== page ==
The gender pay gap dominated the headlines last week, with results from the reporting exercise showing that almost eight in ten organisations, across the public and private sector, are paying men more than women. Just over 10K companies reported their pay gap by the April 4 deadline, with the data revealing that women are being paid a median hourly rate which is on average 9.7 per cent less than the rate given to their male colleagues. The figures haven’t come as a surprise. A report from the Institute for Fiscal Studies had already highlighted pay disparity of 18 per cent in the UK – a gap it is predicted will take 60 years to close.
The requirement to publicly state figures has, however, put the spotlight on the much wider issue of gender equality in the workplace. Because of course the pay gap is not just about remuneration.
A whole range of factors have a part to play – the fact that men are more likely to work in higher paid areas like technology, engineering and finance, for example. The fact that in many organisations there are more men than women in senior roles – and the impact that ‘time out’ for maternity leave or caring responsibilities has on female career progression.
In an interview in The Guardian, Sam Smethers, Chief Executive of the Fawcett Society, described the reporting exercise (which will now be an annual requirement) as a ‘game changer’. “It forces employers to look at themselves and understand their organisations and it prompts employees to ask some hard questions,” she said.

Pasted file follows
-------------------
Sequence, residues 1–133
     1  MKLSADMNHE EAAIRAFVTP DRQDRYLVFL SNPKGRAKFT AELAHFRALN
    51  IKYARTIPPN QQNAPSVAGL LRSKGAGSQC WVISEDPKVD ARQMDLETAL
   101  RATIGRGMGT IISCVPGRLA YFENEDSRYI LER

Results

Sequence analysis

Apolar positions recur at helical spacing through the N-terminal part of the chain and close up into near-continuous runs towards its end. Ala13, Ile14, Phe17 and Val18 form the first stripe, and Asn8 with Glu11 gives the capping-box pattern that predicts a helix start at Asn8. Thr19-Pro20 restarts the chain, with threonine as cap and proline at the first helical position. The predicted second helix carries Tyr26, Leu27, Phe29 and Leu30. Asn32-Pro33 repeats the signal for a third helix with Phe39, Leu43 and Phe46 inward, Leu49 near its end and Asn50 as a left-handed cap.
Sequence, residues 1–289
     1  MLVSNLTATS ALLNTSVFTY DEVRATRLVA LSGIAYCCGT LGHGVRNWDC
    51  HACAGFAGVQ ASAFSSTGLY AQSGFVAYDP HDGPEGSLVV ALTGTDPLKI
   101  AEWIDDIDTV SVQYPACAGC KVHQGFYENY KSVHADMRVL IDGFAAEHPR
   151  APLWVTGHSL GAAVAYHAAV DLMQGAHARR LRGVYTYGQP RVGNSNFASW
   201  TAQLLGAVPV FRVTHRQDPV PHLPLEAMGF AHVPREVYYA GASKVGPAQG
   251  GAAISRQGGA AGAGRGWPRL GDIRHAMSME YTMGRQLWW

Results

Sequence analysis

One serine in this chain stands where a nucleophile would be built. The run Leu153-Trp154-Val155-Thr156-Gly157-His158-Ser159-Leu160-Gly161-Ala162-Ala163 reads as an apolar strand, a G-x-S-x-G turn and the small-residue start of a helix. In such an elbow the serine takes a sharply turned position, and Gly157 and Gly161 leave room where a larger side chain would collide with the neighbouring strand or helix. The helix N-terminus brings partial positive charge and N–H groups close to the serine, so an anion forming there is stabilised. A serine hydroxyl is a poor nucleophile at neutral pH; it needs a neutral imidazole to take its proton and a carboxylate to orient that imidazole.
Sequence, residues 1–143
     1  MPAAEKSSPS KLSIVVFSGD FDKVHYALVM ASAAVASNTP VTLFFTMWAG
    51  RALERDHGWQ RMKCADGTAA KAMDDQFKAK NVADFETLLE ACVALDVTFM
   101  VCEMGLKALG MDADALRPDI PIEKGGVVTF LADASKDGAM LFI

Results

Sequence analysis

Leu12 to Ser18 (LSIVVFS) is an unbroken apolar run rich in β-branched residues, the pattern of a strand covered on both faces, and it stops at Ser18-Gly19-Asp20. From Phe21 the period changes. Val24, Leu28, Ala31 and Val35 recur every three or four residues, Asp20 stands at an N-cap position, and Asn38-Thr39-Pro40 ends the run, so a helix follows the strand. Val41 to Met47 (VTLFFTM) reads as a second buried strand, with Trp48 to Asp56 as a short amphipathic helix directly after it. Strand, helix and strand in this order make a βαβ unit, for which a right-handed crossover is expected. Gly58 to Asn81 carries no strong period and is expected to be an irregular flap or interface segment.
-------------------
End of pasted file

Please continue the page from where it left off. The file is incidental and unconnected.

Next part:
With the results now out in the open, HR practitioners will no doubt be on the receiving end of questions from both employees and senior management. So what can practitioners do to help change both practice and perceptions and create a more level playing field for the next generation of women in the workplace?
1. Exploit the data
HR is in a prime position to use the data that has been collected about pay inequality to build a picture of what is really happening in the business. Sophisticated HR software now makes it possible to unearth the story behind any pay disparities that have been revealed. Is the gap bigger in some departments than others? Which job roles show the most disparity? What links can be made between the pay data and the information in the organisation’s succession plan. What is the percentage of women V men in the talent pool, for example? Does your HR system’s training and development module suggest that women are getting the same access to training and development opportunities as their male colleagues? Dig deep into the data and it will help you find out what the real barriers to female progression are and what actions the business needs to take to address them.
2. Get senior leadership support